Women never cease to amaze me. I am in awe of the superlative dedication they put in to whatever they do. Every time I read about people changing the world, I am introduced to strong-willed women who would give their life to make the world a better place. As a 2016 Fellow with the Pollination Project’s East Africa Hub, I have met an incredible woman who is transforming the world of mental health, one blog, video, or training session at a time.
Sitawa Wafula is a rare bird. As a rape survivor living with a dual diagnosis of epilepsy and bipolar disorder, she has dedicated her life to providing people in Kenya and Africa with the vital information and support that they need to handle mental health conditions and deal with everyday life.
Sitawa was only 18 years old when she was raped and she almost took her life. In a country where topics such as rape, epilepsy and suicide are considered taboo and are talked about in hushed tones, many individuals in her shoes would remain silent, and not talk about their ordeal for fear of being labeled as weaklings or outcasts. But Sitawa has chosen the path less taken and tackles these topics head-on, with a demeanor of a young woman out to change the world.
With almost inexplicable boldness, Sitawa shares her experiences with her audience both online through tweets, her Google Award winning self titled blog and her mental health social enterprise; My Mind, My Funk. Sitawa currently runs an amazing mental health organization (My Mind, My Funk) and Kenya’s first free SMS helpline, 22214, which she started in an attempt to make mental health information and support accessible to individuals living with mental health problems, depression, epilepsy and survivors of rape. She spends her weekends discipling young ladies in their walk with Christ through the Wives in waiting fellowship, trying out DIY projects and vegetarian recipes. She also tirelessly speaks at school forums, religious centers, chiefs barazas and mental health campaigns.
“I believe in an Africa where people with mental health disorders have access to information and can get adequate support.”
Her incessant and remarkable efforts to help individuals with mental health and help them heal have not been in vain. She has received numerous awards and accolades both in Kenya and beyond including being named one of the top 100 movers and shakers by Drum Magazine, Activist of the year 2013, East Africa Youth Philanthropist 2013, Google Africa Connected Winner 2014, Non Communicable Disease Champion by the Ministry of Health Kenya, 2015, top 40 under 40 women in Kenya 2015, and most recently ASPEN new voices Fellow 2016.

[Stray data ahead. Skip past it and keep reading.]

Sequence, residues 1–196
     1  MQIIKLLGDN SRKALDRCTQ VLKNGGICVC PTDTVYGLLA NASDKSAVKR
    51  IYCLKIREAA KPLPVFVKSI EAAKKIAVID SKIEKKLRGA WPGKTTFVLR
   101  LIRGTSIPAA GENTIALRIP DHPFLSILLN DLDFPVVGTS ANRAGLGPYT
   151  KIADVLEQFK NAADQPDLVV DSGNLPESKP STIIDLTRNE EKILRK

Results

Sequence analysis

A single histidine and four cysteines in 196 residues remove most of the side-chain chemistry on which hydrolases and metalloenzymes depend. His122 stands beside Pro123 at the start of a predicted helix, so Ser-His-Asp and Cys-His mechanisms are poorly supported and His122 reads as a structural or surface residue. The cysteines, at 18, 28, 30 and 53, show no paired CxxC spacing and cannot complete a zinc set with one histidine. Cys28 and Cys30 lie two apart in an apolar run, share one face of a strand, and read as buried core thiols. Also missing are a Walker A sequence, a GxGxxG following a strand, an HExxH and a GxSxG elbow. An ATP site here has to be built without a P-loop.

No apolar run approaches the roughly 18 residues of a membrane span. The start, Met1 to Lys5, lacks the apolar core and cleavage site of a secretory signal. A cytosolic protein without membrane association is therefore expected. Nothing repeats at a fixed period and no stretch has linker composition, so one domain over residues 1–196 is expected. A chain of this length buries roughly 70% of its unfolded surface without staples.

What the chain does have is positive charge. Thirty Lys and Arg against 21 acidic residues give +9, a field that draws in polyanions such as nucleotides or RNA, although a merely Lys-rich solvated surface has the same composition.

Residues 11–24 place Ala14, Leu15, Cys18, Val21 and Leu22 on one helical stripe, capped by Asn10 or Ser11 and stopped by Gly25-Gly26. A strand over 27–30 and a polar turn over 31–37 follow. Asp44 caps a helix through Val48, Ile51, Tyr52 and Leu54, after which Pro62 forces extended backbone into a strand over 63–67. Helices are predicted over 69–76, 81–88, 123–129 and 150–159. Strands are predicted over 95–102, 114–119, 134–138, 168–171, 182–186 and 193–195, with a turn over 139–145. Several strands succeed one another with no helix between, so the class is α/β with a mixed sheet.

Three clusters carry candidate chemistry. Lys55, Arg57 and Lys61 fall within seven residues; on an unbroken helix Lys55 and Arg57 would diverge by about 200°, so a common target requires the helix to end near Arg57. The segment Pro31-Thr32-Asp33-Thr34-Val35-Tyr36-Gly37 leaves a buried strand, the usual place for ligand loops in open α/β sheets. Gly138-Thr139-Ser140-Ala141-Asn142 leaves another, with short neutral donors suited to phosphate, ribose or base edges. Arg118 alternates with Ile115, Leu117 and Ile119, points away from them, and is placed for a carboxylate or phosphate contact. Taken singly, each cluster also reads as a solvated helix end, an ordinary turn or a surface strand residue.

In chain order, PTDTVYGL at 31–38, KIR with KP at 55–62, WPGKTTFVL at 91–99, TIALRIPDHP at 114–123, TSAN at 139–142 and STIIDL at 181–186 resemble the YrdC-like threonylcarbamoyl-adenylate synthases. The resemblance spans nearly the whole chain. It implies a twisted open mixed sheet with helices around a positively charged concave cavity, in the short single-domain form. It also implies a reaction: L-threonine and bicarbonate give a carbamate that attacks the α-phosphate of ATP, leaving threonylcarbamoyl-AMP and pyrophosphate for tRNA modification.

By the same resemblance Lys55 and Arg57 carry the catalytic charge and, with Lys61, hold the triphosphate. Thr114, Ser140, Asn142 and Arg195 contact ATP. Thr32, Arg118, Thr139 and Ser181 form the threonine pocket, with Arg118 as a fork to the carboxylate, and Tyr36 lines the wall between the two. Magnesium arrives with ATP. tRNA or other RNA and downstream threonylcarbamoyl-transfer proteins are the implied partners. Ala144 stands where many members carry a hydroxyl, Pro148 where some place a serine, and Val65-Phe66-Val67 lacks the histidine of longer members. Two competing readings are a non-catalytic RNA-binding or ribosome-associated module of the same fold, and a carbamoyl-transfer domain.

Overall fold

In 2014, the Pollination Project supported her work, aimed at seeing participants through the process of telling their stories through writing therapy and digital storytelling trainings. She is now working on a program aimed at amplifying the voices of people living with mental health conditions in Africa.
To me, Sitawa is a true global citizen and the epitome of the magnitude of change that women can achieve if given a platform to realize their visions. Her resolve to create open spaces where people can openly talk about mental health and not be judged is laudable. Sitawa is not ashamed to talk about rape, epilepsy or suicide. She has been through all these and yet has not allowed them to put her down. She has taken it all in her stride, as a challenge, a learning experience, a chance to grow and change her own life first. And now she is using the knowledge acquired to make a difference in the lives of others who find themselves in similar circumstances. How awesome!
I asked her what motivates her to wake up every morning and do this kind of work which many people will shy away from. And her response is as beautiful as the work she does to make the world a better place, “definitely God and the purpose He has put over my life to provide information and support to people with mental health conditions makes me get up every morning coupled with my desire to see that people do not waste years of their lives like i did due to lack of information and support on what they are going through.”